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Source material: Illustrations

Illustrations of local towns, street, buildings and people dating back to the mid-18th century are widely available within the Local Studies Collection, Central Library Halifax, West Yorkshire. They enable the historian to construct in some cases a very detailed picture of the physical appearance of the past environment and of the people who lived and worked in the local community, and it is by reference to these sources that the picture of the past can be made more realistic, tangible and concrete. Used in combination, they enable the local historian to see more clearly the social and topographical change that has taken place over the years.


During the 18th century the copper plate engraving was used increasingly to illustrate many books on local topography. During the 19th century a host of new processes emerged, dominated in the early years by the lithograph and culminating in the modern photograph.


Illustrations fall into 3 main categories locally:

  • Illustrations in books: A certain amount of illustrative material is to be found in local books within the Local Studies Collection, Central Library Halifax, West Yorkshire. As might be expected, many of the buildings included in the older publications tend to be the ancient seats of the local gentry, buildings the 19th century passed by.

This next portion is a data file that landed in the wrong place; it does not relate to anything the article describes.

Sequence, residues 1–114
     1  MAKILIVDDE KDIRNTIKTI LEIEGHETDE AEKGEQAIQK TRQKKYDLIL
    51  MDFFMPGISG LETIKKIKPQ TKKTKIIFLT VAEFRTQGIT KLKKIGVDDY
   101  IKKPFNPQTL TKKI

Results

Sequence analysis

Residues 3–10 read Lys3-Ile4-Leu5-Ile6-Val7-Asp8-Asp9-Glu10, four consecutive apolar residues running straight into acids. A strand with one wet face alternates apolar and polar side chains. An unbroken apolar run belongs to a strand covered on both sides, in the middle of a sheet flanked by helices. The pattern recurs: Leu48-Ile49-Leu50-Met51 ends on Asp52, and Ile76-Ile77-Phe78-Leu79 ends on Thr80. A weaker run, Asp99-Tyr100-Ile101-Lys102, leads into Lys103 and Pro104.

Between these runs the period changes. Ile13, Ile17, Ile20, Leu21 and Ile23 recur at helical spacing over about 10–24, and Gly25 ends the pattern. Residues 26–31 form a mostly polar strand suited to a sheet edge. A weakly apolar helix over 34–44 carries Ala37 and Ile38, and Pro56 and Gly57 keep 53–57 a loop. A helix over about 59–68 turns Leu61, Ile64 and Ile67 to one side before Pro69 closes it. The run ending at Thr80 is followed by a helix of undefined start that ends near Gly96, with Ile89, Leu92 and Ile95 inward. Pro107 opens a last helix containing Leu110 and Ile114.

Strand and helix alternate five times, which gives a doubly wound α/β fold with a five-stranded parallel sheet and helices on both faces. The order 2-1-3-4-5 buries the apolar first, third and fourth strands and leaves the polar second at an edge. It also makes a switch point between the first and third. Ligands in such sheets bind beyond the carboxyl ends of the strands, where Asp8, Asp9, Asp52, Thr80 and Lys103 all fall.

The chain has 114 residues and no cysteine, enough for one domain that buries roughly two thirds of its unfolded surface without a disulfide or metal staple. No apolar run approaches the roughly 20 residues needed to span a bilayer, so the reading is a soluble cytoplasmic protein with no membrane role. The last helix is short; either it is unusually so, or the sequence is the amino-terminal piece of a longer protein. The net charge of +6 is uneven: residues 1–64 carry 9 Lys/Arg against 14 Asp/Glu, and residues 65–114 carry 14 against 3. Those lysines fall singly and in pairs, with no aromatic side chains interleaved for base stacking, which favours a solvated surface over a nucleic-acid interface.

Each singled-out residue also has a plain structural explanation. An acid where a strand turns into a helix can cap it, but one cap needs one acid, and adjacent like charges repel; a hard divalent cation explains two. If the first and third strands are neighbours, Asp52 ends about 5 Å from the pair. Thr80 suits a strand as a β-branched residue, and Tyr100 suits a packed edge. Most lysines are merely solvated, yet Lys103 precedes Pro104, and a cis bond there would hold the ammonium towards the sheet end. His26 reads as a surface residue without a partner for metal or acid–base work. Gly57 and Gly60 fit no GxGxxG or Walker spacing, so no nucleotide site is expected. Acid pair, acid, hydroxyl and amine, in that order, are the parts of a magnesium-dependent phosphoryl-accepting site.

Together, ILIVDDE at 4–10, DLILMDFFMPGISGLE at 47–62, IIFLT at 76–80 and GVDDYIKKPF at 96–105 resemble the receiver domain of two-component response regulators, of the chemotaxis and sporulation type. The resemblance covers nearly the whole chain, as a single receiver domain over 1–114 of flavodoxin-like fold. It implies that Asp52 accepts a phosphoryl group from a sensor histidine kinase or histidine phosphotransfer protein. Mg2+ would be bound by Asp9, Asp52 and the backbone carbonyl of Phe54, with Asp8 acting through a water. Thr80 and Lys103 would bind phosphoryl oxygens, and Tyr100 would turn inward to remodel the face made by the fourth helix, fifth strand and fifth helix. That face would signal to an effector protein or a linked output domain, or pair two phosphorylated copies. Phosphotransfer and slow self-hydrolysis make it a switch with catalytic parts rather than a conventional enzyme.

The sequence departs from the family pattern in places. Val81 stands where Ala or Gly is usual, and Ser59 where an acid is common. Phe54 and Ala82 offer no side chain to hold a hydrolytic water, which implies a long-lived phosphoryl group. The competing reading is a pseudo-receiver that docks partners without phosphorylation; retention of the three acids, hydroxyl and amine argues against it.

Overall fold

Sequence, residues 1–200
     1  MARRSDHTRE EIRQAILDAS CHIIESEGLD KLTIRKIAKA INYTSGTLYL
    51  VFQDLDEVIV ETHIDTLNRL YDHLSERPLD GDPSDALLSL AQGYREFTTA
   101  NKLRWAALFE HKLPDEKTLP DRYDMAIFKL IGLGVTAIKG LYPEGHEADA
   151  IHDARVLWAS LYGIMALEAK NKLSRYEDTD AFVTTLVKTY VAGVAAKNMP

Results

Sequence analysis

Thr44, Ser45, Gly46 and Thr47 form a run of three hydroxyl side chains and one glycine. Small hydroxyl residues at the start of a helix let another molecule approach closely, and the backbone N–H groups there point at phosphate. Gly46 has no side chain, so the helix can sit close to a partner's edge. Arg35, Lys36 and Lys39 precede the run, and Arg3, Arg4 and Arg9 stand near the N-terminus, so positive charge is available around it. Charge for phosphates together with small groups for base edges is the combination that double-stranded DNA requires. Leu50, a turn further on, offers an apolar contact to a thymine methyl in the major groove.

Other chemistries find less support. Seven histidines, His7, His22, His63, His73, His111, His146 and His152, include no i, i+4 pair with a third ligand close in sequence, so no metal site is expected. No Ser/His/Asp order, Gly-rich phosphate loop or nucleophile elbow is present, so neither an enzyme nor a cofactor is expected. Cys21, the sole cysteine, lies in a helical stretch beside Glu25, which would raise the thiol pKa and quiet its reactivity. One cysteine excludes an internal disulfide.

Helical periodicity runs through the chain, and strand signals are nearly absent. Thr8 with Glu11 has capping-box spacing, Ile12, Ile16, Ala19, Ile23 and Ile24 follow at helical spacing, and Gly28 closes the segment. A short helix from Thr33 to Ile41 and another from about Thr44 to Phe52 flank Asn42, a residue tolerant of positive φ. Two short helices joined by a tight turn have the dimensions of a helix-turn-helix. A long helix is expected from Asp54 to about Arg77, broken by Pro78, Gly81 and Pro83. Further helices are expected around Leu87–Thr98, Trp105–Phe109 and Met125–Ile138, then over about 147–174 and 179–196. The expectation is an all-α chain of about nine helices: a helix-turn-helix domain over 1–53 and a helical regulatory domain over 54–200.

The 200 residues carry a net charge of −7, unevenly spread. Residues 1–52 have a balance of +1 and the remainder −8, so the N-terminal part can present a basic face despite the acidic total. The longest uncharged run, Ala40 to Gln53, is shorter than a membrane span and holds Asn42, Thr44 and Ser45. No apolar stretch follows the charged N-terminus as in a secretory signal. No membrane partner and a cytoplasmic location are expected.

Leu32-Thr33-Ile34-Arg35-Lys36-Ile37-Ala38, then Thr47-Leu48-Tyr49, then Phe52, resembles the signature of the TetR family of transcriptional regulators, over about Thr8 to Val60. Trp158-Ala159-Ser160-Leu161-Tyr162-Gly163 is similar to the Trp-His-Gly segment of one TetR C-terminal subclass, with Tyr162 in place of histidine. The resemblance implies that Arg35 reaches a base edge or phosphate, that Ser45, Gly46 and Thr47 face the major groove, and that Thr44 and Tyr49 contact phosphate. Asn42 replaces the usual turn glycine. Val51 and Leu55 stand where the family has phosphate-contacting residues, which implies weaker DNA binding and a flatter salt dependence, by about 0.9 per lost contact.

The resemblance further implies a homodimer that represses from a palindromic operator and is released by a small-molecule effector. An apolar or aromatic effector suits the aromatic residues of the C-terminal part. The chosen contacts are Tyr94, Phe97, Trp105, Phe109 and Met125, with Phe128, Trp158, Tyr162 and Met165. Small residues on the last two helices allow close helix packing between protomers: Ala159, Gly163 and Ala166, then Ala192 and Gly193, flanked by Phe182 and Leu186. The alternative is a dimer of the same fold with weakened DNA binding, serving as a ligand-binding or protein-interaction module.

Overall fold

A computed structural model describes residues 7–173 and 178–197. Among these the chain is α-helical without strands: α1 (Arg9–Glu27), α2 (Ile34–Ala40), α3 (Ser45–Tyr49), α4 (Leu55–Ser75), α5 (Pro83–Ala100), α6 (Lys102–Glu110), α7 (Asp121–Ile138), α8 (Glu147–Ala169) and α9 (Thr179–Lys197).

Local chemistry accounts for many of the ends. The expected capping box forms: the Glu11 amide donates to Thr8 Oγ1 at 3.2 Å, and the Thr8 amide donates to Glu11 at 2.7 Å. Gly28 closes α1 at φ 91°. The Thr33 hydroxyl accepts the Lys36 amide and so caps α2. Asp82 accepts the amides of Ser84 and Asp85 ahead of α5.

• Illustration files: Many of the illustrations in loose files are arranged in alphabetical order under the person or place in question. They vary in size from diminutive photographs to large lithographic prints, and include town views, views of specific streets and buildings and photographs of local worthies.
  • Photographic survey: A Photographic Survey has been in operation since the 1960s in and around Halifax. It has been a joint project carried out by the Library Service, the Planning authority and the Halifax Photographic Society. It comprises several thousand photographs of individual buildings, arranged in grid reference order, with an alphabetical place index to facilitate the retrieval of photographs of specific buildings. As much of the emphasis has been to record buildings due for demolition, it has become an important source for historians researching areas subjected to redevelopment over the past half century.


As with all other sources, illustrations need to be treated with care. Photographic and especially non-photographic illustrations should not always be taken as representations of objective reality. For a variety of reasons they may enhance or distort what they record. Nevertheless, without the many local illustrations it would be a much more difficult task to build up a picture of the local community over the last 2 centuries.

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